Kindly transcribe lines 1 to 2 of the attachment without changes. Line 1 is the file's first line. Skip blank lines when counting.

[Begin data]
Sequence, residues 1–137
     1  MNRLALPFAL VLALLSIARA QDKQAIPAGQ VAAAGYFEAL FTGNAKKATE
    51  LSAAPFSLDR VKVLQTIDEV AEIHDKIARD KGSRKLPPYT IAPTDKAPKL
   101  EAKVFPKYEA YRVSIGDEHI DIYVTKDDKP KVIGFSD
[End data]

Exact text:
Sequence, residues 1–137
     1  MNRLALPFAL VLALLSIARA QDKQAIPAGQ VAAAGYFEAL FTGNAKKATE